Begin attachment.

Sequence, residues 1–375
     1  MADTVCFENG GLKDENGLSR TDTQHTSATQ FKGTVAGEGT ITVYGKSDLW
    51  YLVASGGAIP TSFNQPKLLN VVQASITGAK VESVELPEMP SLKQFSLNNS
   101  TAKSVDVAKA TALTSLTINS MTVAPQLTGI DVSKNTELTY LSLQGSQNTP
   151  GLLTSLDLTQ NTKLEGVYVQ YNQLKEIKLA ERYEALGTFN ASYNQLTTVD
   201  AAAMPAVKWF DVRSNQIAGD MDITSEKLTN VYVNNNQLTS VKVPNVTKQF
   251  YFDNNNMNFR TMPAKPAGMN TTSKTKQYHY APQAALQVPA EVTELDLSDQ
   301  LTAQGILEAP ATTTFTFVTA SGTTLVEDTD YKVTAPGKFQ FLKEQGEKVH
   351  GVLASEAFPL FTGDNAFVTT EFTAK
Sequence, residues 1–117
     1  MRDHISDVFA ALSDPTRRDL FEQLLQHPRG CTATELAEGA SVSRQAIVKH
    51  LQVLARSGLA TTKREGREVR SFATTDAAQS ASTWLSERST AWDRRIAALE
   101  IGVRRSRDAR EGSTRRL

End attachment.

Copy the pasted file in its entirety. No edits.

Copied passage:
Sequence, residues 1–375
     1  MADTVCFENG GLKDENGLSR TDTQHTSATQ FKGTVAGEGT ITVYGKSDLW
    51  YLVASGGAIP TSFNQPKLLN VVQASITGAK VESVELPEMP SLKQFSLNNS
   101  TAKSVDVAKA TALTSLTINS MTVAPQLTGI DVSKNTELTY LSLQGSQNTP
   151  GLLTSLDLTQ NTKLEGVYVQ YNQLKEIKLA ERYEALGTFN ASYNQLTTVD
   201  AAAMPAVKWF DVRSNQIAGD MDITSEKLTN VYVNNNQLTS VKVPNVTKQF
   251  YFDNNNMNFR TMPAKPAGMN TTSKTKQYHY APQAALQVPA EVTELDLSDQ
   301  LTAQGILEAP ATTTFTFVTA SGTTLVEDTD YKVTAPGKFQ FLKEQGEKVH
   351  GVLASEAFPL FTGDNAFVTT EFTAK
Sequence, residues 1–117
     1  MRDHISDVFA ALSDPTRRDL FEQLLQHPRG CTATELAEGA SVSRQAIVKH
    51  LQVLARSGLA TTKREGREVR SFATTDAAQS ASTWLSERST AWDRRIAALE
   101  IGVRRSRDAR EGSTRRL